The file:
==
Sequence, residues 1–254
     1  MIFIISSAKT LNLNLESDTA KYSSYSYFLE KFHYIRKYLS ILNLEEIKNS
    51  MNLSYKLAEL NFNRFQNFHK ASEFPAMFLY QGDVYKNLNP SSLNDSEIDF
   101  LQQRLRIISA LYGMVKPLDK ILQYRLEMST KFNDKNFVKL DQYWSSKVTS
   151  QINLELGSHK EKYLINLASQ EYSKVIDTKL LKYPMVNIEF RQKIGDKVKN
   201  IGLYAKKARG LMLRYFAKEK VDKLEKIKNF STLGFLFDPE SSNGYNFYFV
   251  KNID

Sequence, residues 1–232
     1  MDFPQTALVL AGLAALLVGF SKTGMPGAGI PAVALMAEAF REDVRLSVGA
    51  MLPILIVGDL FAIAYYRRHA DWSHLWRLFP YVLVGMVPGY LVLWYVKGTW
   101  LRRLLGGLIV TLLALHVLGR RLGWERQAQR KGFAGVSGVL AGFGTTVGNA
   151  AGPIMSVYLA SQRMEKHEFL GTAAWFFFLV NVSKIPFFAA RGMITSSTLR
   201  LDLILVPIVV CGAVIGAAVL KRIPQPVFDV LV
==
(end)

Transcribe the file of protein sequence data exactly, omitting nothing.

Sequence, residues 1–254
     1  MIFIISSAKT LNLNLESDTA KYSSYSYFLE KFHYIRKYLS ILNLEEIKNS
    51  MNLSYKLAEL NFNRFQNFHK ASEFPAMFLY QGDVYKNLNP SSLNDSEIDF
   101  LQQRLRIISA LYGMVKPLDK ILQYRLEMST KFNDKNFVKL DQYWSSKVTS
   151  QINLELGSHK EKYLINLASQ EYSKVIDTKL LKYPMVNIEF RQKIGDKVKN
   201  IGLYAKKARG LMLRYFAKEK VDKLEKIKNF STLGFLFDPE SSNGYNFYFV
   251  KNID

Sequence, residues 1–232
     1  MDFPQTALVL AGLAALLVGF SKTGMPGAGI PAVALMAEAF REDVRLSVGA
    51  MLPILIVGDL FAIAYYRRHA DWSHLWRLFP YVLVGMVPGY LVLWYVKGTW
   101  LRRLLGGLIV TLLALHVLGR RLGWERQAQR KGFAGVSGVL AGFGTTVGNA
   151  AGPIMSVYLA SQRMEKHEFL GTAAWFFFLV NVSKIPFFAA RGMITSSTLR
   201  LDLILVPIVV CGAVIGAAVL KRIPQPVFDV LV